3 Pillars of Wealth Creation

The world of Finance is full of products and services that entice you to part with your money, in an effort to create wealth on your behalf. They are as diverse in their risk-return offerings, as they are in the range of know-how required to profit from them.

Some of us find the task of spotting a good investment in equity shares or IPOs too daunting, while others operate effortlessly in exotic derivatives that “short” the market to make money even when it’s on its way down. Some speak of Real Estate as a sure thing, while others can’t even afford to pay their rent (mortgage), let alone dream of a second property.

Essentially, there are just three levers you can use to your advantage:

  1. Earn More
  2. Spend Less
  3. Invest Better

I know, I know. It sounds so simple and obvious. But, let’s examine them for a moment.

When faced with a situation of needing more money, we often tend to think of only one of these 3 levers to improve our current situation. The fact is that, at any point in time, all three choices are available to us – independently or in combination. What matters is a better understanding of our own Risk Profile, and the assumptions we are making in our decision process.

Let’s take an example. Say, you’d like to save up to buy a car in a few years time.

Your typical response would be to start blocking some of your money in a separate account, or start a Systematic Investment Plan (SIP), so that it is earmarked for the goal you have defined – in this case, buying a car. However, you have several options before you.

A. Invest Better
Since this is a specific, goal-based investment objective, you may be able to afford a slightly higher risk on this particular investment than the rest of your portfolio. For example, venturing into a more aggressive top-rated Equity-based Mutual Fund to improve your chances of earning returns.

B. Spend Less
In addition, you could also take on a target of going out for a meal, one less time than you normally do each month, parking that saving too in your goal-based investment.

C. Earn More
Finally, you also have the option of taking on a part-time assignment that utilizes your skills and helps you earn some extra bucks.

The possibilities are endless, but the concept remains the same; these three pillars are all that’s involved while evaluating any form of financial investment, however basic or advanced the underlying products may be.

When you start thinking actively about the levers at your disposal, you can make a more informed choice about the path you want to set yourself on, to achieve those financial goals sooner.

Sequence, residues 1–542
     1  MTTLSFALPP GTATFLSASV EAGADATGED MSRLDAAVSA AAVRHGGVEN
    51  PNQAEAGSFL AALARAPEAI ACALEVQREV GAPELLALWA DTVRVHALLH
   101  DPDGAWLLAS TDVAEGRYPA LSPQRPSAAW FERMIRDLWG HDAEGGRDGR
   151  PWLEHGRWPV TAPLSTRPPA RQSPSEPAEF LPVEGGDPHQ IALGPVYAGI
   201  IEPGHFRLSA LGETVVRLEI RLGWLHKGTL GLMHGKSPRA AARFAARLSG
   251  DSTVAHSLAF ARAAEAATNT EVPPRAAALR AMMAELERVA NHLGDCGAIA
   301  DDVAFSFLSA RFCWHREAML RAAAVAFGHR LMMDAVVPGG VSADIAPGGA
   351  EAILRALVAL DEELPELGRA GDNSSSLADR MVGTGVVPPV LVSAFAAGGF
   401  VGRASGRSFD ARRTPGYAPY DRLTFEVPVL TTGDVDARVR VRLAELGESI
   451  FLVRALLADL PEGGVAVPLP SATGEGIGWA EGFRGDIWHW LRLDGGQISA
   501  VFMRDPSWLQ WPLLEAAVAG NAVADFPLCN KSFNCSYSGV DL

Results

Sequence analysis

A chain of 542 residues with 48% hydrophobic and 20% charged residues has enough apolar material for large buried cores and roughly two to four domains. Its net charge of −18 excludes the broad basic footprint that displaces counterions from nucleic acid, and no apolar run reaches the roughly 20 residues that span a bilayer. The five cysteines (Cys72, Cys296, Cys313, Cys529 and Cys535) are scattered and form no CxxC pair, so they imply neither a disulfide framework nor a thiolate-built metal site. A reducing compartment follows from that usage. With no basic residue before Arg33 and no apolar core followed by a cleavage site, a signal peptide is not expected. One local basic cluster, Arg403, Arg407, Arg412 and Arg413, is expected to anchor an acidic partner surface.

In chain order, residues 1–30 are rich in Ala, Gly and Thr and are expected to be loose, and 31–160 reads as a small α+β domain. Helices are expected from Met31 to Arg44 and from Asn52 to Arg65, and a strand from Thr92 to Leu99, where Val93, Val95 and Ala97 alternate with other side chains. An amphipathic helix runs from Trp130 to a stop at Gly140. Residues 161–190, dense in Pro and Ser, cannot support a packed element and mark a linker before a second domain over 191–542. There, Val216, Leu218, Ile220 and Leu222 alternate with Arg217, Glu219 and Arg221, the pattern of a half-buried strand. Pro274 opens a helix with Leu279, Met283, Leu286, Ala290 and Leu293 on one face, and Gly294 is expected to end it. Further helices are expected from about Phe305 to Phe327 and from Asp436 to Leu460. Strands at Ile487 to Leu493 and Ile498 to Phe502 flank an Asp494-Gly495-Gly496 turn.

As always, understand your own risk appetite and the expected reward ratio for any form of investment, before you venture into a new category.

Note: This blog post is strictly an educational and informational service, and does not constitute personalized investment advice. The commentary, analysis, opinions, advice and recommendations represent the personal and subjective views of the Editor, and are subject to change at any time without notice.

Spend Less Than You Earn

I often find myself advising friends on the basics of personal finance. After all these years, it still surprises me to learn how little some of us know on the subject, given our advanced degrees in education. This post should serve as the first step towards bridging that gap…

We know about the good habit of “saving”, and do our best to practice it. As often as possible, we put away money in the bank for a rainy day or a future goal, telling ourselves that this is the best we can do under the circumstances.

After paying the rent (or EMI), the salaries of the domestic help, and other monthly household expenses, there is very little that remains behind.  Some months, we are unable to manage any surplus at all! After all, times are tough. And the price of nearly every thing keeps shooting upwards.

No wonder the size of our savings does not seem to keep pace with our needs and wants!

Is there a solution?

Fortunately, the answer is simple: Spend Less Than You Earn

It is a simple and effective way to remedy the situation. But few have the discipline to follow this advice. The biggest obstacle in its path is our impulse to “own” every shiny, new object we desire in a moment. Do this often enough, and you can say goodbye to any real savings you hope to accumulate in your early years.